In Part I and Part II or this blog series I shared how I rid myself of the weak resume, soft answers, and funeral attire to transform myself into the super job candidate I am today. By customizing my resumes, embedding the right keywords, and applying for jobs closer to my abilities, I’ve circled the wagons around the right positions that can allow me to creatively roar and financially soar.
You can do the same.
Let’s start with your window dressing. You probably clean up nicely but in this highly competitive interview world you need to shine, wear a killed ensemble and preferably one unique item that makes your memorable – a piece of jewelry or leopard London Fog Trench Coat.
What to Wear to Show You Mean Business – Their Business
In my first interview in 20 years, I entered in a low-end JC Penney’s suit and black shoes that were a cross between orthopedic and something you see in Sister Act. Translation: I looked old, dated, and ready for the nursing home. Ironically, I was being interviewed for a marketing position for a seniors center. I didn’t make it to the second rounds.
Flash forward one year to my most recent interview for a national marketing position. I swung open the doors like John Wayne entering a town to take over the Sheriff’s position. I sauntered in wearing an expensive White House Black Market dress that screamed authority accented with Italian heels and a take-no-prisoners attitude. Oh what a difference the dress, confidence, and 12 months of polishing me Smith and Wesson makes.
If you’re a woman over 45 interviewing, you need to look fresh, in style, and able to walk on fire without breaking a sweat. Age discrimination is at play and you don’t want your attire to bring it front and center particularly if you’re screener is younger than you.
What to Say (and Not to Say)
Don’t be casual in your answers. Each question an employer asks you is their way of eliminating or advancing you. My advice is to go to Career Confidential and listen to everything Recruiter Peggy McKee has to share. Her advice is worth the money. I benefitted from Peggy’s free interview prep kit and $17 panel prep interview.
Also do yourself a favor and read Erica Dhawan’s article originally posted at In Power Woman about how to get hired. Dhawan learned at the age of 20 how to say the right things to the right people to move ahead.
When I was cutting my interviewing teeth in the early stages, I cut myself right off the potential candidate list. For instance when I was applying for a marketing position with a long-term care facility, I was asked why I was interested in working in the senior’s market.
I flubbed royally by saying because of the number of aging boomers, it was a hot market that I’d like to serve. This weak answer said I was more interested in trends than people. A better answer would have been, “Because seniors deserve great communities to live in that provide both active living and long-term care for their health needs and your company provides just that.”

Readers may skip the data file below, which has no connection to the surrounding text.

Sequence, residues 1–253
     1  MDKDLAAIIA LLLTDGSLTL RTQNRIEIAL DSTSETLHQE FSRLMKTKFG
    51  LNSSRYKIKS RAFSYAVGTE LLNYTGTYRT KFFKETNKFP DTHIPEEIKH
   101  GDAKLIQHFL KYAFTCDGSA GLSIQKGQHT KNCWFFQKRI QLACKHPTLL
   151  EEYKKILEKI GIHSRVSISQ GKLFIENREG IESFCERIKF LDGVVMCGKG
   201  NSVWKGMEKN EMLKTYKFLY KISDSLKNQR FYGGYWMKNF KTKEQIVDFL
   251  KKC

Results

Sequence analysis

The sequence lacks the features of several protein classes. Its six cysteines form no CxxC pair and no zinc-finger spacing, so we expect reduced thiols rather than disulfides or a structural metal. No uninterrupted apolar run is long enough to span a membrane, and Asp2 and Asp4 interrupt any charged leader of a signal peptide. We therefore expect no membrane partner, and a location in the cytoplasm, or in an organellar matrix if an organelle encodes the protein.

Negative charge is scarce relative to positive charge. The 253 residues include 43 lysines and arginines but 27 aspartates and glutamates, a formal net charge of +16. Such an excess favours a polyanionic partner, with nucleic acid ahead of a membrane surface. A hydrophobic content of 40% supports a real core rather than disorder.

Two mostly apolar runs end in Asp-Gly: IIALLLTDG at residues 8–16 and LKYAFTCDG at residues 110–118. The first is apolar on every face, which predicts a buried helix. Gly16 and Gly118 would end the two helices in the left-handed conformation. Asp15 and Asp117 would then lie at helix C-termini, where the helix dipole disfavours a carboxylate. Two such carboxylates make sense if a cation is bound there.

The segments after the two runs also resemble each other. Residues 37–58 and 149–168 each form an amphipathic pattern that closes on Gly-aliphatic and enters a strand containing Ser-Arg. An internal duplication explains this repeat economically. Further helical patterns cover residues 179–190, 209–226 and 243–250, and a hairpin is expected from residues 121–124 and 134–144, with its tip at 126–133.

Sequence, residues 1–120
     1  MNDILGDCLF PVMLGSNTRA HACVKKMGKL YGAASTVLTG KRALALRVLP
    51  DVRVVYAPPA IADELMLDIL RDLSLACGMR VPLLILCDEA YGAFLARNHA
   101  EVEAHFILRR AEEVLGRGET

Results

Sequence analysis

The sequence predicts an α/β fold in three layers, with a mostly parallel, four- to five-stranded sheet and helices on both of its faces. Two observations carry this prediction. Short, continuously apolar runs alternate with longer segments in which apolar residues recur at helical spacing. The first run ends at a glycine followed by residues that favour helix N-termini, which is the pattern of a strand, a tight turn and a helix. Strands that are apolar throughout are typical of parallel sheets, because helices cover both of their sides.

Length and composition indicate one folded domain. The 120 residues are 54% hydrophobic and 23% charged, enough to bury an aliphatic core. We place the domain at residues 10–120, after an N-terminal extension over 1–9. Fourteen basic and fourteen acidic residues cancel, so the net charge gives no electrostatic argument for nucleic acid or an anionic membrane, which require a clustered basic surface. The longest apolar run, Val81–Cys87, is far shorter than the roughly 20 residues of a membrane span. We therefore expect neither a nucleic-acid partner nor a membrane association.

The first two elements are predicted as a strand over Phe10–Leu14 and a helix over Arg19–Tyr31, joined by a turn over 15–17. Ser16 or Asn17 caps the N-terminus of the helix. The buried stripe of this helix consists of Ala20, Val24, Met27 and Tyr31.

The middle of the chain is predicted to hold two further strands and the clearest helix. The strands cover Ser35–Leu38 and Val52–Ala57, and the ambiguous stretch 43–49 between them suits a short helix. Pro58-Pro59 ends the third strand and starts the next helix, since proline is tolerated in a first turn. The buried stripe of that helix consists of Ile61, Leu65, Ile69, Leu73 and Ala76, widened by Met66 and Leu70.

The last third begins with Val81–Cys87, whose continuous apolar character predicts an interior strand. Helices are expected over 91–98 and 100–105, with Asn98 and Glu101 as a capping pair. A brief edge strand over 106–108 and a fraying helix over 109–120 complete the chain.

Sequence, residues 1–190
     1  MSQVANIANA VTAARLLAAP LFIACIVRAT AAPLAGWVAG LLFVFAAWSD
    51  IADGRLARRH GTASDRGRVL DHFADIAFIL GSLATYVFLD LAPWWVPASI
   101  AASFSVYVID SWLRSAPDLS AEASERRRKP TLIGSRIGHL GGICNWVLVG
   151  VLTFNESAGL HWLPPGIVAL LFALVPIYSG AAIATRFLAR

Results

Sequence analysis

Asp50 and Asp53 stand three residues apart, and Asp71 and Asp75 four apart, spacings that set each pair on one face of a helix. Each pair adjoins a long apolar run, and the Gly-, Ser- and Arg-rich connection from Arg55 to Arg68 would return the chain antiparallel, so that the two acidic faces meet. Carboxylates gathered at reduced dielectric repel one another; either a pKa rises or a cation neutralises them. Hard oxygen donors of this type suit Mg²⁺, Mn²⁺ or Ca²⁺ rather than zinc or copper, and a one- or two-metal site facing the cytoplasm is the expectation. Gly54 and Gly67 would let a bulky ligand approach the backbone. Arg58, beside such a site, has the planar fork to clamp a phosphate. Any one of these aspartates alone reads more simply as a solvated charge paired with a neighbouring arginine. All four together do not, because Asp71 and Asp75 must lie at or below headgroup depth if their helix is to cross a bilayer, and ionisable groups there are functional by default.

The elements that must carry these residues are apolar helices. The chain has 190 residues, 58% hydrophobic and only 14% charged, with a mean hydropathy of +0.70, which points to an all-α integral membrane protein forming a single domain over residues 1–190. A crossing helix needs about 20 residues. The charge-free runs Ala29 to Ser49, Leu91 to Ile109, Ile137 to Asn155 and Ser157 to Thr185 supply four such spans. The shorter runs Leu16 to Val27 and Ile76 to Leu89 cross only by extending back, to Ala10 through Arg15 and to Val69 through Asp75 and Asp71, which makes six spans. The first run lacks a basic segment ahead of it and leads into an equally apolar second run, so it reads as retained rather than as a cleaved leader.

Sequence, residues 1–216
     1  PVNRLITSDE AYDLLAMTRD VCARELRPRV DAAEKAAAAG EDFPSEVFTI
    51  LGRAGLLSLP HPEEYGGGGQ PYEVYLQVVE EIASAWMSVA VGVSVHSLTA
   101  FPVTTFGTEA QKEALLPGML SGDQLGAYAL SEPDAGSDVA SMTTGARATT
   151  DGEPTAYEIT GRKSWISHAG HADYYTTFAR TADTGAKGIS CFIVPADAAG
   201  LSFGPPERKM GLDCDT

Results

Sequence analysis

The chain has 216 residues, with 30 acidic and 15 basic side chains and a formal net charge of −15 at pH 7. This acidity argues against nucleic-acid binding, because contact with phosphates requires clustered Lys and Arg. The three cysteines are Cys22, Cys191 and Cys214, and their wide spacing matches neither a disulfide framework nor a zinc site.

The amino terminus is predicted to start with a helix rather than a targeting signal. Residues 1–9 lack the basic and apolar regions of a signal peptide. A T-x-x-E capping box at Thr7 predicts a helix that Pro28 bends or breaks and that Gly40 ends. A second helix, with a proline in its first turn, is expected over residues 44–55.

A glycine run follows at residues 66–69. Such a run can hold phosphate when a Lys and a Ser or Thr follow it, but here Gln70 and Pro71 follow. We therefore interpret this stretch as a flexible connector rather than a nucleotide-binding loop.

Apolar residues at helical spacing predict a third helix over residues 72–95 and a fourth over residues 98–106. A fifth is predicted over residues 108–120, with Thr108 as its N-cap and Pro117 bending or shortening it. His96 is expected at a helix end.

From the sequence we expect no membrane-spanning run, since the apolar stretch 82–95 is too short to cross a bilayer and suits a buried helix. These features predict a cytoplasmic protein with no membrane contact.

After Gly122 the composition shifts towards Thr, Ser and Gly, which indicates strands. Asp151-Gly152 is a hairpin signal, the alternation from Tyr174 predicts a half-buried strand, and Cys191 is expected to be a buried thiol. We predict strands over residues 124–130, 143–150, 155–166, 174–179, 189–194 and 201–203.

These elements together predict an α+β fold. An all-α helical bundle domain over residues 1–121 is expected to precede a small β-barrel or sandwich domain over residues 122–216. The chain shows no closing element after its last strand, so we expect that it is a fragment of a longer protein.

I also missed the mark early in my interviews when asked where do you see yourself in five years or where do you see yourself in 10 years. I told the interviewer my vision of writing my fifth book on an island, which is the truth but has nothing to do with how I could bring value to them. A better answer would have been, “I see myself on XYZ executive board helping put in place a new (drop in well researched, ass-kissing idea here).”
Finally if you applying for a job that is a step down or jumping tracks (like me going from freelance writer to corporate writer), be prepared to answer why in a way that benefits them and makes great sense.
Human Resource people like people who have a straight career line. They certainly don’t want to hear that the freelance market is paper thin right now. When asked why you want to work for them or return to Corporate America answer, “I noted that your company recently landing an international division, that I would love to earn my way into working on.”
What to Leave Behind
Peggy also recommends preparing a 30-60-90 day plan of action to leave with your “future” employer so they know, you know what you’ll do the first three months once hire. It’s more work, but makes you stand out in a sea of candidates swimming for the target like sperm. Be the one that consummates the deal by leaving a plan of action that shouts let’s discuss terms and get this pony on the track.
In my last interview I left a 30-day plan of attack and the top-10 reasons they would benefit from hiring me. Though I didn’t get that position, they assured me they would try their best to create a position for me in the near future.
If you’re unemployed and in the hunt, check out this list of resources from Over 50 and Out of Work.
Please do me a favor and share this post with a friend who is hunting for work and have a fantastic week.
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Category: Career & Money